Help:IPA for Czech

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The charts below show the way in which the International Phonetic Alphabet (IPA) represents Czech language pronunciations in Wikipedia articles.

Stress is always on the first syllable.

English approximations are in some cases very loose, and only intended to give a general idea of the pronunciation. See Czech phonology for a more thorough look at the sounds.

Consonants
IPA Examples Nearest English equivalent
b byl bill
c těšit, teď, lať stew (UK)
d délka delta
dz podzim, noc byla[1] heads
bán jab
f foukat, záchvěv focus
ɡ gag, kdo gag
ɦ hořet ahead
j jenom yellow
ɟ ďas dew (UK)
k kolo, ping-pong scald
l lak lack
Vltava little
m mouka mocha
sedm rhythm
n nyní ninny
ɲ koně, laň canyon
ŋ Hanka Hank
p pyl, nabob spill
r robot robot (trilled)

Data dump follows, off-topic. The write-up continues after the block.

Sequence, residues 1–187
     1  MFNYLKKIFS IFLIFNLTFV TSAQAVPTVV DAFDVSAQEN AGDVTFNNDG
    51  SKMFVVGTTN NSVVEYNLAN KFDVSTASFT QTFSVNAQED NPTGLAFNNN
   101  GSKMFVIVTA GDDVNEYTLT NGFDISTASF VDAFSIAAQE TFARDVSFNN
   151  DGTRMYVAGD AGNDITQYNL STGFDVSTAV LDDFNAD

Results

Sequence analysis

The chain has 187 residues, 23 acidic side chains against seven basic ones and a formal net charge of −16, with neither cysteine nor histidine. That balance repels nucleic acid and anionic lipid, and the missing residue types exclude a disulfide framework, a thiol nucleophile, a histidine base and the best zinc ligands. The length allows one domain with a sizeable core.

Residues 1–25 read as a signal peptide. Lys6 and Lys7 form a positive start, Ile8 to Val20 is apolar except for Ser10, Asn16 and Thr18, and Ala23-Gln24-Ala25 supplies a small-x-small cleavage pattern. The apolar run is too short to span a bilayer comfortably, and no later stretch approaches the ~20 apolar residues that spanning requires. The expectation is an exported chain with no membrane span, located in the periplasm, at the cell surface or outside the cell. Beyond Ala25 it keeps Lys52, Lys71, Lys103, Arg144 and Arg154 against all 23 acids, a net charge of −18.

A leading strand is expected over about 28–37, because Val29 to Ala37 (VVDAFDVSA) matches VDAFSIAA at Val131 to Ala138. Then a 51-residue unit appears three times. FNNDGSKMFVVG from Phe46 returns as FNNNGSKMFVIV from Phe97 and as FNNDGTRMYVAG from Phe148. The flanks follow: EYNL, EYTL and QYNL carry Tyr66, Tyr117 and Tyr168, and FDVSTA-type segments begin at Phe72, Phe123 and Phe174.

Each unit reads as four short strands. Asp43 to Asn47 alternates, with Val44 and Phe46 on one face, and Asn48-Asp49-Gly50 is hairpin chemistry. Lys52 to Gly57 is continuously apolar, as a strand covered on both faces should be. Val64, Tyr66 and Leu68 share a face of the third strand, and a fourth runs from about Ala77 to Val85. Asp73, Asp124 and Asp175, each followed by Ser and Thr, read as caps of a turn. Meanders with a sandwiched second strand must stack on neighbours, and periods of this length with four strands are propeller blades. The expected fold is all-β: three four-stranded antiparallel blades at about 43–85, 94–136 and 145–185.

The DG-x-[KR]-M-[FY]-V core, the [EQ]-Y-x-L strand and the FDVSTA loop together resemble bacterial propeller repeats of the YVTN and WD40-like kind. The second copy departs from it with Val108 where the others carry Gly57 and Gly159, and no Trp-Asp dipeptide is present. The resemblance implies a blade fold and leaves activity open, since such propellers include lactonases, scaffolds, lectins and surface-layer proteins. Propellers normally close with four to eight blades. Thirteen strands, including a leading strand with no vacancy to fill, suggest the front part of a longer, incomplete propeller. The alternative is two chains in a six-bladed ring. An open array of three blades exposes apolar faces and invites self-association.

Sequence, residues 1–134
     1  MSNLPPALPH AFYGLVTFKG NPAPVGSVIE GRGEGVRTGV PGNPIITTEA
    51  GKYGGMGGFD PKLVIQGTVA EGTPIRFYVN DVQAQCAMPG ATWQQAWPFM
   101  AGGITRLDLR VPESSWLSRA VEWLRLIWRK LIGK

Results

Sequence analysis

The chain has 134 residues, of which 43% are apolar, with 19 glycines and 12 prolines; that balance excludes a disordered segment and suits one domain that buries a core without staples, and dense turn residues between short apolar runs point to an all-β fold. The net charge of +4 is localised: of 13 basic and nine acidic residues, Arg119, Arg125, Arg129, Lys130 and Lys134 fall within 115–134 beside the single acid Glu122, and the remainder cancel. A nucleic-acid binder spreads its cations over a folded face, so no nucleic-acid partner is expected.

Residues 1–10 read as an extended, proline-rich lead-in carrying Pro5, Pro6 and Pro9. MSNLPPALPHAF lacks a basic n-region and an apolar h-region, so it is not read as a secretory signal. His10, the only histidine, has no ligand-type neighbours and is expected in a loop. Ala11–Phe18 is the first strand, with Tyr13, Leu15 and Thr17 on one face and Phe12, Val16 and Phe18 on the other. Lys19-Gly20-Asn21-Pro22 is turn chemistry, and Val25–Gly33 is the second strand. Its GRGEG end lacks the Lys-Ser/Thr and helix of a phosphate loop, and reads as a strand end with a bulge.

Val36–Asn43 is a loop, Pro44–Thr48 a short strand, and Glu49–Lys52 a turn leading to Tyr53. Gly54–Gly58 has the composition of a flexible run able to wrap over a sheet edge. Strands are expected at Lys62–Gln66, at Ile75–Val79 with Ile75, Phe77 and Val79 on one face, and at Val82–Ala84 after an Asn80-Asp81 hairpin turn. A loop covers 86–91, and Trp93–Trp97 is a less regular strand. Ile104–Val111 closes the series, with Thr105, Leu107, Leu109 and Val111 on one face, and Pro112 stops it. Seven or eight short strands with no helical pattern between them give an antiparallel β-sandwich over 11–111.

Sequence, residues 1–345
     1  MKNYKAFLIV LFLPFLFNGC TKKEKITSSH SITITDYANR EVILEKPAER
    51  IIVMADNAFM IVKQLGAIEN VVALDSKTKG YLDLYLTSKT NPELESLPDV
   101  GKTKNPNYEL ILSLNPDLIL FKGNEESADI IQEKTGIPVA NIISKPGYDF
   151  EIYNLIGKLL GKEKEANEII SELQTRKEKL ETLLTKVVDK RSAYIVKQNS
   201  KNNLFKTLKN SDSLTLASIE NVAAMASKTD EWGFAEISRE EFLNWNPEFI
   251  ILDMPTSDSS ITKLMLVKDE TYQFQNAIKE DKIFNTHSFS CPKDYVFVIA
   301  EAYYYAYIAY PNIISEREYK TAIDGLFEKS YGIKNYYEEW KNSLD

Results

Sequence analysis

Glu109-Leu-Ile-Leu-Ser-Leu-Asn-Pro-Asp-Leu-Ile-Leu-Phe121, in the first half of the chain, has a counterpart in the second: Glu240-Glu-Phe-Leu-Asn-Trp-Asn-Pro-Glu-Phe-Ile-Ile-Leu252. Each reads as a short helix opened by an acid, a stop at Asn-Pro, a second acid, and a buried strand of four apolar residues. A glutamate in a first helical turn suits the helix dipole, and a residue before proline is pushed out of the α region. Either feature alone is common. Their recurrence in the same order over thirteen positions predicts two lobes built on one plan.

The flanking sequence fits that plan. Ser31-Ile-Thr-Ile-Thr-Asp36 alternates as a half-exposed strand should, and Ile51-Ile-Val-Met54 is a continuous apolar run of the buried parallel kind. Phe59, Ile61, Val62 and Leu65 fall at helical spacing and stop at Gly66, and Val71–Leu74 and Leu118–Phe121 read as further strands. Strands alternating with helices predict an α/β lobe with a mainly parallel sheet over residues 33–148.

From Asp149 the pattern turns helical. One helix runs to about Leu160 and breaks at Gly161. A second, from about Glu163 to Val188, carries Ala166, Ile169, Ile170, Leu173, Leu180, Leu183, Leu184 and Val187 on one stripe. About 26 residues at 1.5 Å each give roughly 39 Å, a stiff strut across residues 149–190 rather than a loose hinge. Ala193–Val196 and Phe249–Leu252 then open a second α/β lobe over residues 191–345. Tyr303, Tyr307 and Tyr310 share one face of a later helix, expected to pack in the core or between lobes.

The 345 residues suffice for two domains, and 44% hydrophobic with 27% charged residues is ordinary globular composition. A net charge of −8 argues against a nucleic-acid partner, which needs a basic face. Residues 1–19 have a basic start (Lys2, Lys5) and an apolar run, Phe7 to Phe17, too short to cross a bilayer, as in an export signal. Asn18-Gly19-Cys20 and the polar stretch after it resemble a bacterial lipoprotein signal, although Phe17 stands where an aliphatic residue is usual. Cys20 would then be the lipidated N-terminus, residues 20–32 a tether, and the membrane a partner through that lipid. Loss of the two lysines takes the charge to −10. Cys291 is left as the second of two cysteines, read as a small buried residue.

vrba lover (US, trilled)
řeka simultaneous [r] and [ʒ]
r̝̊ chřest simultaneous [] and [ʃ]
s stůl stole
ʃ šelest shell
t ten, led stand
ts cena bats
čas chase
v vítr vittle
x chomout, práh loch
z zima zoo
ʒ žár fusion
Vowels
IPA Examples Nearest English equivalent
a matka hatter (UK)
máma father
ɛ let let
ɛː létat square (UK)
ɪ klid, byl kid
klít, být cleat
o pod pot (UK)
móda thought (UK)
u kup fool (shorter), bull
úroda, kůlna fool
Diphthongs
IPA Examples Nearest English equivalent
au auto out
ɛu euro say oo
ou louka local (US)
IPA Stress
ˈ Stress falls on the first syllable of a word

Notes

  1. [d͡z] occurs only in loanwords and as an allophone of /t͡s/ before voiced consonants. The word "podzim" is usually pronounced with [d͡z], although a careful speaker would pronounce the two letters separately.

Bibliography

  • Dankovičová, Jana (1999), "Czech", Handbook of the International Phonetic Association: A guide to the use of the International Phonetic Alphabet, Cambridge: Cambridge University Press, pp. 70–74, ISBN 0-521-65236-7 
  • Šimáčková, Šárka; Podlipský, Václav Jonáš; Chládková, Kateřina (2012), "Czech spoken in Bohemia and Moravia" (PDF), Journal of the International Phonetic Association, 42 (2): 225–232, doi:10.1017/S0025100312000102